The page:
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Yes Your Baby Is Cute, and No I Don't Want One of My Own

Every Christmas and Thanksgiving, between fighting off my cousins for the sweet potatoes and listening to the patriarchs of the family play Spades, I always somehow end up with a baby in my arms. This year, as I look down at her itty bitty face, I'm not as annoyed as I usually am to have the baby thrusted onto me. I'm extra careful not to squish her as people surround me to ooh and aah at her in her little onesie. I coddle the newest addition to our family, proud that she seems to be content with me.

From the corner of my eye I see the approach of The Aunties and you know exactly which ones I'm referring to. The ones who quiz you nonstop about your future, quietly judge you if you answer incorrectly, and give unsolicited advice about any and everything.

“So, Yani,” they emphasize my childhood nickname. “When are we going to be seeing you with a baby of your own?”

As I hand the baby back to its mother my body tenses, as I was expecting this conversation, just not in front of a majority of our family.

I’ve known since I was a child that having children of my own was not in the cards. While the other girls wanted to play house, carefully cradling their baby dolls as though they were as fragile as glass, I was busy skinning my knees in the backyard and racing on scooters. And even when I did decide to play house, instead of gently braiding the doll’s hair like the other girls, I was recklessly throwing her like a basketball around the house. The natural instinct of taking care of someone else just wasn’t there.

So as I look into the expectant eyes of the Aunties, I try to come up with the right response.

The first instinct is to scream at the top of my lungs “fuck them kids”. Children, at least to me, are literally a punishment to adults, forcing us to suffer until they can handle life on their own. Ear piercing crying, no sleep, constant stress, unwarranted advice about how you need to raise them. The rest of my life would basically be at the will of someone who couldn't feed themselves, effectively communicate with me except through crying, I'd have to clean up after, and still would grow up to ungrateful for all my effort. That sounds exactly like having a cat. And guess what? I already have a cat. But I know that this answer would be an affront to them, the women who had already suffered through this.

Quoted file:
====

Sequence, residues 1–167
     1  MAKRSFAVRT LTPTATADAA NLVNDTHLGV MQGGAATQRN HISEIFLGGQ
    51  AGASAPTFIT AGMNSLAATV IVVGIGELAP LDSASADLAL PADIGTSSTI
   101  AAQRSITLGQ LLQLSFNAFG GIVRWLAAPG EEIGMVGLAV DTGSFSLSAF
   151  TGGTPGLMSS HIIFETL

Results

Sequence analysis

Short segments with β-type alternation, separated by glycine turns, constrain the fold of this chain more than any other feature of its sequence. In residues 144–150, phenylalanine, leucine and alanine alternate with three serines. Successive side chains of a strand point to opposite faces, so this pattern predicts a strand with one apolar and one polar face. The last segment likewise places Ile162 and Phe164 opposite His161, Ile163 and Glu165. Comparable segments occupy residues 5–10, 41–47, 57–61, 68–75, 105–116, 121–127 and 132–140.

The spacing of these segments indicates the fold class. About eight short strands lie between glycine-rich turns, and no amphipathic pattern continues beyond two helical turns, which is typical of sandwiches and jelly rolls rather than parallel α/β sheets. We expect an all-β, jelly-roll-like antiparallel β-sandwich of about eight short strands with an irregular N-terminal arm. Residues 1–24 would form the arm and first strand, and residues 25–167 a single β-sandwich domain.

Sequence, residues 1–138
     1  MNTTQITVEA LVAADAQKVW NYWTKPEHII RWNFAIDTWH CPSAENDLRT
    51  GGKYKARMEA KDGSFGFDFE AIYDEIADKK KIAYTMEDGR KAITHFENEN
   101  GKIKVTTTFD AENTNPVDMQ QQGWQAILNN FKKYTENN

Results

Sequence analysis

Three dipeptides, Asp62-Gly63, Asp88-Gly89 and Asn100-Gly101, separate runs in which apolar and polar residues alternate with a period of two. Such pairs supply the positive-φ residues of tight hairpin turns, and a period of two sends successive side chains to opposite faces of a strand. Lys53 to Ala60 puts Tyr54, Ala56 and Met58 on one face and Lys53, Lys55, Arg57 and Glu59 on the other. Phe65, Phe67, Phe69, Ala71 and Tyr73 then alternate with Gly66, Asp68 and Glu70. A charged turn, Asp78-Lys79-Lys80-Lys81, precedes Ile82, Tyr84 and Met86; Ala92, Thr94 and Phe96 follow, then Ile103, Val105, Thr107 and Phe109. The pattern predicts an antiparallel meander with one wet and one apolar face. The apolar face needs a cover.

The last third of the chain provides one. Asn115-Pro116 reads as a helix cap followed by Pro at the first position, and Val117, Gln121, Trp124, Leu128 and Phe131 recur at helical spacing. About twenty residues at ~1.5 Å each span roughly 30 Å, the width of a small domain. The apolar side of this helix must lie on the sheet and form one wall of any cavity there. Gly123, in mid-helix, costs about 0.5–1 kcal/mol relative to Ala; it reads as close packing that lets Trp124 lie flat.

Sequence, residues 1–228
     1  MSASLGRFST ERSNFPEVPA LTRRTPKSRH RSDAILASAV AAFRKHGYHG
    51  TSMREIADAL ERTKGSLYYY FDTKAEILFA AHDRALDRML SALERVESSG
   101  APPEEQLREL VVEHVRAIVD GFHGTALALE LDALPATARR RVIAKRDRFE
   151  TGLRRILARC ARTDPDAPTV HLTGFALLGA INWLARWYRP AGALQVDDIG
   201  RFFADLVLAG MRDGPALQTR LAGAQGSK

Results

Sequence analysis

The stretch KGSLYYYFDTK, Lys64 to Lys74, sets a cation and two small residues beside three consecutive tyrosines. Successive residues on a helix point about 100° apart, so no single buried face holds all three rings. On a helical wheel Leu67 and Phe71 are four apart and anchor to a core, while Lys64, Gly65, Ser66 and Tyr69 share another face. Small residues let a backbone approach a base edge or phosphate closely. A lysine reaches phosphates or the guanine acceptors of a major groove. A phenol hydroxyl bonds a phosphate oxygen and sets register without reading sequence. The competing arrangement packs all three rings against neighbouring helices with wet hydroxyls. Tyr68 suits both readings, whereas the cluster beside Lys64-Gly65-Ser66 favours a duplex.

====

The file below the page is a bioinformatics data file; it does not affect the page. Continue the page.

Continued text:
My second thought is “But what about my life?” What if the life I have planned for myself has nothing to do with children? I see myself (someday) living in other countries. Meeting lots of people and not speaking to anyone from my hometown for months. That’s not feasible with what’s been granted the grace of “good parenting”. How is it at the ripe age of 23, the productivity of my life has been reduced to having babies? Aren't there other things that I should be focusing on that are just as important like a career that I love, or finding fulfilling life experiences? Why is it that with barely any of my life lived, I'm already supposed to be giving it up to a person that isn't here? Are there no other options?

Standing in that living room, I look around at my mother, my Aunties, my cousins and all of the other women I get to call family. Some went the traditional route and have been married with kids since they were 21. Others, newfound mothers who are just getting their footing and trying to understand how they will define motherhood. And some, have no children at all, and play happily with their nieces at the dinner table and going home to be with their partners, or even alone. All of them deserve respect for the way they've chosen to live their lives. The mothers who give up so much to raise a new generation in this world, and the women who decided that they were better off without children. That is the life that they chose, and we should all be proud of each other, regardless of which choice we make.

When the words "I don't want any children of my own" finally leave my mouth, The Aunties all stare at me quietly. I know I've said something that doesn’t fit into the script they’ve prepared for my life. I can see their dreams of chasing their bundle of great-grandchildren across my backyard crumbling with each word I say. And it hurts to disappoint them. I understand the appeal of having a big family, but I just won't be the one to give it to them. But after a moment that feels like it stretched a lifetime, one nods her head and walks away.

To say that I don't want children isn't selfish. It's not a phase I'm going through. And I'm very willing to bet that my mind won't change as I get older. It just isn't a part of the plan I have for my life, and that's okay. My life is my own, and no expectation placed on me, whether it be by society or The Aunties themselves is going to convince me of which road I should take.

Besides, that just means that one I'm going to make one kick ass Auntie myself someday.

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